Sunday, March 23, 2014

Quick tips for felting

Quite a while ago, we had a couple of posts about felting, with a photo of two identical swatches -- one felted; the other, not.  If you are new to felting, here's a quick checklist:

1.  Use the right kind of yarn.  Acrylic does not felt.  Use an animal fiber, like wool or alpaca, where the washing instructions say "Hand Wash" for easiest felting.  Wool/acrylic blends and superwash wools will felt/shrink eventually - socks made from sock yarn eventually shrink a bit.  People have been known to run Plymouth Encore (75% acrylic, 25% wool) through the washer with nearly boiling water, and it did felt a little.

2.  Make two identical swatches -- one to felt, one as a control so you can measure the percentage of shrinking.  It's easy to skip this and say, "I'll take good measurements and calculate from there."  It is more useful to have two swatches so you can really see the difference.

3.  Is your washing machine a top-loader or a front-loader?  Front-loaders are designed to be gentle on your washables, which is the opposite of what you want to do with felting.  In this case, consider going to your local laundromat, or visit a good friend who has a top-loader you can use.  You can also felt manually by vigorously agitating the piece in a pot of hot water.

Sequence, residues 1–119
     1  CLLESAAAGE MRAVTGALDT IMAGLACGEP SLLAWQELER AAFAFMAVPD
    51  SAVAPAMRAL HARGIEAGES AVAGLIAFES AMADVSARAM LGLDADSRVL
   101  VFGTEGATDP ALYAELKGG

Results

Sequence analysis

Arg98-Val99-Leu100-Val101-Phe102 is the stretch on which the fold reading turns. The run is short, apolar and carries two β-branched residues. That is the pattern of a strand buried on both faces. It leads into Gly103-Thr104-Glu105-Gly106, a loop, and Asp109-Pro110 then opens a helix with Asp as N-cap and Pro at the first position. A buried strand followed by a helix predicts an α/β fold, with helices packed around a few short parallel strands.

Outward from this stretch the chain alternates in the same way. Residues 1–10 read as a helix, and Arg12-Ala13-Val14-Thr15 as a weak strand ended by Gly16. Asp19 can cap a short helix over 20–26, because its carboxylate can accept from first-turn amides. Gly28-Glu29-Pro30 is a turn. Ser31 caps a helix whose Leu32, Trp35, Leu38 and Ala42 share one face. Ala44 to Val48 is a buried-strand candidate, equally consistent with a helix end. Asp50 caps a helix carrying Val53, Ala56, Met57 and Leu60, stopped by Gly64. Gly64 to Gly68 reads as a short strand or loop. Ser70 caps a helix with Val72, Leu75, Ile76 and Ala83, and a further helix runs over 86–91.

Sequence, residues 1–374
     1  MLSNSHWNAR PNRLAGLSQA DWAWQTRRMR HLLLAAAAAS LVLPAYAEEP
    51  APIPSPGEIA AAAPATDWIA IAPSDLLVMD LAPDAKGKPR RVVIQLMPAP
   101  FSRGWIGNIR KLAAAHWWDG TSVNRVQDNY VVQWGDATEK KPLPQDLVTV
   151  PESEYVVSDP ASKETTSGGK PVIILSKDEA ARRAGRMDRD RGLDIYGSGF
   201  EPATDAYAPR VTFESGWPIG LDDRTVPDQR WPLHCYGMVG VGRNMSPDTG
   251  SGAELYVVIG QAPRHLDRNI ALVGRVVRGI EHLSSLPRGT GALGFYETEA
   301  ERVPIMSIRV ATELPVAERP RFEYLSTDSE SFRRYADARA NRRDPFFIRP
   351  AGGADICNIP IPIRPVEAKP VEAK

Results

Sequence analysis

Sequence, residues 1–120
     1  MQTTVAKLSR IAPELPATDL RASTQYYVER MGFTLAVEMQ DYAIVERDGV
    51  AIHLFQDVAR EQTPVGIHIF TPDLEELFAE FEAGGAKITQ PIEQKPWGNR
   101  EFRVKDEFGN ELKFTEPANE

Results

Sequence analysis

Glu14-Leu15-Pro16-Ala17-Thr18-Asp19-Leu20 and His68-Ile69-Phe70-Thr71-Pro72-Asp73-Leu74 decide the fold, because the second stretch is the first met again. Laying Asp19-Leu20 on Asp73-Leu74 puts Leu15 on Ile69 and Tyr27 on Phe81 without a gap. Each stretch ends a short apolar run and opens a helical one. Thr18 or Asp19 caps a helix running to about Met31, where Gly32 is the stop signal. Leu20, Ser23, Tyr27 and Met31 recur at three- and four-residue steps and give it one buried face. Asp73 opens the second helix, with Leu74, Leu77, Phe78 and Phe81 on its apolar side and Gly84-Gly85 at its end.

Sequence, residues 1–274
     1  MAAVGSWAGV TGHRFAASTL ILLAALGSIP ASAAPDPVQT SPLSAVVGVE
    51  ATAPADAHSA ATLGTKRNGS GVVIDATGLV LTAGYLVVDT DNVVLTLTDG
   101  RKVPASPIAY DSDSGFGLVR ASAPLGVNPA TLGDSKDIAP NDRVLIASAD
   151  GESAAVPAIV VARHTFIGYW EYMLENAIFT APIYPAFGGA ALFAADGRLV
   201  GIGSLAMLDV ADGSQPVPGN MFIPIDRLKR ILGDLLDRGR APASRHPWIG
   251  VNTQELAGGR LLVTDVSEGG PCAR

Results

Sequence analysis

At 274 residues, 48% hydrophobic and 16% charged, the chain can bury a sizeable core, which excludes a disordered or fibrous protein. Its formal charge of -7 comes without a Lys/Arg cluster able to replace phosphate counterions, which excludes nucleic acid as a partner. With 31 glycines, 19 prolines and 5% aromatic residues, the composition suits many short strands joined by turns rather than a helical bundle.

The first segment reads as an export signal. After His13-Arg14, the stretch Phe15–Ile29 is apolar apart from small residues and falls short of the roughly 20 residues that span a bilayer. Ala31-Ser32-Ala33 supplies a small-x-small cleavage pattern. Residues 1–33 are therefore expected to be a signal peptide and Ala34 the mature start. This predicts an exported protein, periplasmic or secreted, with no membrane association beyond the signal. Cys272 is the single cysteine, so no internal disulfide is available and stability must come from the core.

4.  If you ran your piece to be felted through the washer one time and not much happened, run it through again.  Some yarns don't react much the first time around.  You may need to run it through several times for the most felting/shrinking to happen.  To maximize agitation, don't have too much water.

5.  If you stitch in a tight gauge, the yarn may not have room to shrink much.  The fabric may felt and get very solid, but it won't shrink unless there is room for it to get smaller.  That is why felting patterns often call for big needles/hooks -- like a size 10 needle for worsted weight yarn, which is usually worked on size 7 or 8 needles.  Consider bumping up your needle/hook size considerably in order to get a loose fabric that will shrink as well as felt.


Thursday, March 6, 2014

Tip for Knitting Hoods

I recently came across a store-bought knitted baby sweater with a hood, and it had an excellent idea built into its construction.

The sweater itself was in stockinette stitch (knit 1 row, purl 1 row--the knit side is the right side), but stockinette curls in on itself--a problem faced by all knitters.  On a knitted hood, however, the problem of curling looks particularly awkward in the finished product.

The sweater I found side-stepped this difficulty by having the hood in reverse stockinette (same as stockinette, but with the purl side facing out).  Oriented in this way, the curling becomes an attractive design element and frames the face.

Since this fix can be applied to any stockinette hoodie pattern simply by attaching the hood "wrong" side out, it is easily adapted for hand knitting.

Sorry I don't have a picture.  The sweater is black, so it does not photograph well.